Towards a Sustainable Food System
A statement of the Bahá’í International Community Brussels Office published in light (in advance) of the informal meeting of European ministers of agriculture and fisheries taking place from 14-16 September
BRUSSELS—13 September 2022
Among the many consequences of the current war in Europe is the exacerbation of food insecurity in many parts of the world. The immediate challenge is, however, just one striking symptom of an ailing global food order. The limitations of the broader political and economic structures underpinning the food system have, in recent years, been amply demonstrated by the struggles of the international community to respond to threats as diverse as infectious disease and climate change. While attention is rightly being given to the pressing need to ensure sufficient food production and distribution in the short term, the current discussions around food security provide a timely opportunity for the discourse to rise above concern for immediate causes and address systemic challenges in the global food order. Absent such a conversation, policymaking will be fated to lurch from crisis to crisis, able only to identify temporary and partial solutions.
While advancements in global agricultural output have been made in recent decades, the world is in need of a food system that is sustainable, non-exploitative, and provides for the entirety of the global population. This will require not simply the application of new technology, but attention to the principles and assumptions underlying agricultural practice and policy from the local to the international level.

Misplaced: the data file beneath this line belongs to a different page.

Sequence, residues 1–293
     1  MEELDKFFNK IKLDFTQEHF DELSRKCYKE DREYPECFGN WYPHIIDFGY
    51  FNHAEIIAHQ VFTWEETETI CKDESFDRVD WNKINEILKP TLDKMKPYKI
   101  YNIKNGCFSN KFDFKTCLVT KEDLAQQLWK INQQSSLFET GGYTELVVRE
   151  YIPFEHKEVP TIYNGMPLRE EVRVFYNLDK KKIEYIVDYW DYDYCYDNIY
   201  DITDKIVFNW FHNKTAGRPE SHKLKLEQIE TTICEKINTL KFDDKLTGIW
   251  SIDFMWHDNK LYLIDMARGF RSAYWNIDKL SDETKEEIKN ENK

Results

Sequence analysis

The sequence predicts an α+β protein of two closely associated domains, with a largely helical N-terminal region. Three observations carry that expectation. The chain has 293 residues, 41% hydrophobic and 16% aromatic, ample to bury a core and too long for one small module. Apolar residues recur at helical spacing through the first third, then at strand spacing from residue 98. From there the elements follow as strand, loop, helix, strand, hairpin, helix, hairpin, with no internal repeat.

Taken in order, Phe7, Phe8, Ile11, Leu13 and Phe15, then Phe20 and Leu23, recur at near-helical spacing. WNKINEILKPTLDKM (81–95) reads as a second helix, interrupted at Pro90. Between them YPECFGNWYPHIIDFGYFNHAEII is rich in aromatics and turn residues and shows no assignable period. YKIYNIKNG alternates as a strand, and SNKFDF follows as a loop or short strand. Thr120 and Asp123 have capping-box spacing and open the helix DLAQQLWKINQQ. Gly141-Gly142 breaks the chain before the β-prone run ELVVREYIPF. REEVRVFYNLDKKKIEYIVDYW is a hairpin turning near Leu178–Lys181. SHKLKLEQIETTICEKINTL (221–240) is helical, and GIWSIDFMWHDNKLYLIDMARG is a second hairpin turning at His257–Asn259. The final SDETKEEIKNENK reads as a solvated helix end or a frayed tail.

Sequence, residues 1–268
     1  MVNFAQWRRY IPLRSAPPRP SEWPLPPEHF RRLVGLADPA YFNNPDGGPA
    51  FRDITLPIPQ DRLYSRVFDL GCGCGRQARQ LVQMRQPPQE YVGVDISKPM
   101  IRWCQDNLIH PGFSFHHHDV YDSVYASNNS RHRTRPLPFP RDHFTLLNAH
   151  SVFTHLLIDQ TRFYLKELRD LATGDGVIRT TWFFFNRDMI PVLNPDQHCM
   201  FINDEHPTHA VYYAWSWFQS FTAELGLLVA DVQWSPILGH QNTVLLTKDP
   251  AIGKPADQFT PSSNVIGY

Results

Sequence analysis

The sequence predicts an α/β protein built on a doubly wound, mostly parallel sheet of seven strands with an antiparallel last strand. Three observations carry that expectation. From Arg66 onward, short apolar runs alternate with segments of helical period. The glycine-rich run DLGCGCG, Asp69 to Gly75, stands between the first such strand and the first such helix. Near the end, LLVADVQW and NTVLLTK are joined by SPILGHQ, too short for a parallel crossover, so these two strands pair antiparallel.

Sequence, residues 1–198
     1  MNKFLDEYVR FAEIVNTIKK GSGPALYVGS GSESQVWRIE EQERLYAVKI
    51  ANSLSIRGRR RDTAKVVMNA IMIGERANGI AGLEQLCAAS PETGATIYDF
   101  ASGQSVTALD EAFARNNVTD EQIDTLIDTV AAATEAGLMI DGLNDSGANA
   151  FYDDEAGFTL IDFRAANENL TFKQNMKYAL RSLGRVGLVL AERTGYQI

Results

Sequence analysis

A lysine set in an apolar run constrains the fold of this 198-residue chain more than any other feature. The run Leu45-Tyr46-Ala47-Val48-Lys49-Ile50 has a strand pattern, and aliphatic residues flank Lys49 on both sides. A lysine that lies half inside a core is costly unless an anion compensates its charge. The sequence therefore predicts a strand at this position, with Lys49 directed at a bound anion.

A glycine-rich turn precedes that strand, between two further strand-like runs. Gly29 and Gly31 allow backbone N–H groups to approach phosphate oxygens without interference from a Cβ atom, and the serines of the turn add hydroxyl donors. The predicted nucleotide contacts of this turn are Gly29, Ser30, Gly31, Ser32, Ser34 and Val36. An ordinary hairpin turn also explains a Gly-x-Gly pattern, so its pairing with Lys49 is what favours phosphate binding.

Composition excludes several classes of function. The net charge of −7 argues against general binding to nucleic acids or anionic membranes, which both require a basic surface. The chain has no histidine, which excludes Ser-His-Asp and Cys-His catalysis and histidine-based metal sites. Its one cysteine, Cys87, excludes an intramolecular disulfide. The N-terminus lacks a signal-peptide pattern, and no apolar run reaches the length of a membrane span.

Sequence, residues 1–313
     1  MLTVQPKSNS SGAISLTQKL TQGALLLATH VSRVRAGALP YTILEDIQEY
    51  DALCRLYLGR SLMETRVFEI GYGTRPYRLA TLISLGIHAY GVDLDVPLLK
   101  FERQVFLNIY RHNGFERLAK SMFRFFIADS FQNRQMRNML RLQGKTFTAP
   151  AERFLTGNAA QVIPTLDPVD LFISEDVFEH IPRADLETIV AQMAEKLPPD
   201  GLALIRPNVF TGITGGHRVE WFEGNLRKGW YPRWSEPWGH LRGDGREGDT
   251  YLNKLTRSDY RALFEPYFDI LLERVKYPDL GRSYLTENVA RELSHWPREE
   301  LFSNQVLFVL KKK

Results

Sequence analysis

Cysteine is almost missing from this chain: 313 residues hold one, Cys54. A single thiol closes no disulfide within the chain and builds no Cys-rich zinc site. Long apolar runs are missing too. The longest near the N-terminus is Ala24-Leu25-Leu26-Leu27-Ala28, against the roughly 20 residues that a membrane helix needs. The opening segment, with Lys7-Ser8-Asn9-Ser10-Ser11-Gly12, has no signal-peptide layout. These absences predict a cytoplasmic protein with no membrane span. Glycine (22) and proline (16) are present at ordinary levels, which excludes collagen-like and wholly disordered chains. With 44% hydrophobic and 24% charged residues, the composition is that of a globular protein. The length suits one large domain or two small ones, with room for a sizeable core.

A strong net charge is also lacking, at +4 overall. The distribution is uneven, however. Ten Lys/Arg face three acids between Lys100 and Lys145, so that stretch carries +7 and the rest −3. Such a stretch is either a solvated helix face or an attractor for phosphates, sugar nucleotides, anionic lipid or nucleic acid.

Foremost among the principles that should govern the operation of the food system is the oneness of humanity. Every individual, community, nation or region of the world is part of one unified entity, the well-being of whose parts are inseparable from the well-being of the whole. Given the impact of the European Union’s policies on other continents, initiatives such as the Common Agricultural Policy should be designed and assessed with consideration of their impact on farmers, rural communities, and economies beyond Europe’s borders.
Progress towards a food system that advances the global common good will rely to a significant degree on the manner and extent to which different perspectives are taken into account. Efforts to reform the global food system must begin with the recognition that no single set of actors and no individual continent possesses all the insights necessary to place global food security on a firm foundation. A collective process of inquiry is required, with innovative mechanisms and structures to connect diverse stakeholders from all regions of the world, from farmers to researchers, with spaces in which consequential decisions are made. Further, widening participation must be understood not merely as negotiation aimed at producing a tolerable consensus, but as a collective investigation into what sustainable food systems entail, in which all meaningfully engage and to which all contribute.
The current and historical influence of the European continent places on it both the opportunity and the responsibility to strive towards the development of a just global food order. While the scale of the challenge will undoubtedly require long-term commitment and a constant re-evaluation of methods and approaches, a focus on building consensus among an ever-widening circle of stakeholders will help to ensure that a global process of inquiry into the basis of a sustainable food system bears fruit.